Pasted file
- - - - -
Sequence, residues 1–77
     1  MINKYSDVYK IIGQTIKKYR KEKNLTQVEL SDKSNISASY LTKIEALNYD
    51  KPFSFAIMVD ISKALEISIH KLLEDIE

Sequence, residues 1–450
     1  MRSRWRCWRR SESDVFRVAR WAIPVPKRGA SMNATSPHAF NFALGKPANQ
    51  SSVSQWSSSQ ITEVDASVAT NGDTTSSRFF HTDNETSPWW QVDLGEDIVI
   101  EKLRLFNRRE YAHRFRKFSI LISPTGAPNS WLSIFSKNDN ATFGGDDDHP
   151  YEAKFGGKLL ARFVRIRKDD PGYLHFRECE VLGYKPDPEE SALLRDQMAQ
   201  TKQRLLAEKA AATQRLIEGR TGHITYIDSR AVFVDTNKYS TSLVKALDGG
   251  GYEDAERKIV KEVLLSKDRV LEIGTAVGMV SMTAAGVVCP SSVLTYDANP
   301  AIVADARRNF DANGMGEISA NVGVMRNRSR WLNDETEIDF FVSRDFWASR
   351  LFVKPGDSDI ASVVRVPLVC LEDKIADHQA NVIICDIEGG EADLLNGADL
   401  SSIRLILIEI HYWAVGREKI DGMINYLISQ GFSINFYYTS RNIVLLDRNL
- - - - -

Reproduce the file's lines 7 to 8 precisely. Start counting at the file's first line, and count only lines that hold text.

   101  EKLRLFNRRE YAHRFRKFSI LISPTGAPNS WLSIFSKNDN ATFGGDDDHP
   151  YEAKFGGKLL ARFVRIRKDD PGYLHFRECE VLGYKPDPEE SALLRDQMAQ